Two small planes collided in flight Saturday and crashed in the Chino Hills area, killing at least two people, authorities said.
The dead were not identified and investigators suggested that there might be other casualties in the wreckage.
The Federal Aviation Administration said the accident occurred at 2:50 p.m. about two miles west of Euclid Avenue and California 71.
Collision, Then Fire
San Bernardino County Sheriff's deputies said a single-engine Cessna and a twin-engine Beechcraft collided, caught fire and then fell into an area of fields and steep hills. Upon impact, one plane slid into a ravine.
It was not known whether investigators had identified the planes' registration numbers.
The crash site is a remote area of steep hills and gulches accessible only by plane or four-wheel drive vehicles, police said. Those conditions were making it difficult for investigators to determine if there were any additional fatalities.
The two confirmed deaths were believed to be the pilots of the planes. It was unclear whether there were any passengers on board either plane.
Chino fire officials said the Beechcraft took off from Chino Airport, heading east, then circled to the west. The Beechcraft's pilot was last heard giving a routine report to the airport tower at 2:45 p.m.
The single-engine Cessna was believed to have departed from Corona Municipal Airport, about four miles from Chino Airport.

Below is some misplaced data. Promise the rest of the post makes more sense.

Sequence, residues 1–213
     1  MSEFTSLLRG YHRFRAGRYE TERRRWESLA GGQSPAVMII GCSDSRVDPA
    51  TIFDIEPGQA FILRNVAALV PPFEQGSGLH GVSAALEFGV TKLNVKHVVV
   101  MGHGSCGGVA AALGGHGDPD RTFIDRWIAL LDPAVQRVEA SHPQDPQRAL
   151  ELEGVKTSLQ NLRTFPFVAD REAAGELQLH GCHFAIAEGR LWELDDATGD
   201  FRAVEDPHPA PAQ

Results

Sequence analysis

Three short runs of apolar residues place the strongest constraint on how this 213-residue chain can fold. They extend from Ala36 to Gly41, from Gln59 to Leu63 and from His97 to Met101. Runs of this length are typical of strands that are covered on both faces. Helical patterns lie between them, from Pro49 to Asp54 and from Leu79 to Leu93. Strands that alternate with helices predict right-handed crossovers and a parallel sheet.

The FAA said both planes were flying in areas that are not monitored by air controllers.
Investigators from the National Transportation Safety Board arrived at the site Saturday night, but darkness hampered the inquiry. A full-scale investigation was expected to begin this morning, authorities said.
There have been several air accidents in the last 18 months in the area where Saturday's crash occurred. At least seven people have died in air crashes in the Chino Hills area since May, 1986.
"We've had numerous plane crashes over the years in this area," said Chino Fire Department Battalion Cmdr. Bruce Clark.
He blamed the area's poor safety record on the proximity of several airports as well as the steep terrain.
"We average an air crash every six to nine months in this area," he said.
Contributing to this article was Times staff writer Louis Sahagun in Chino Hills.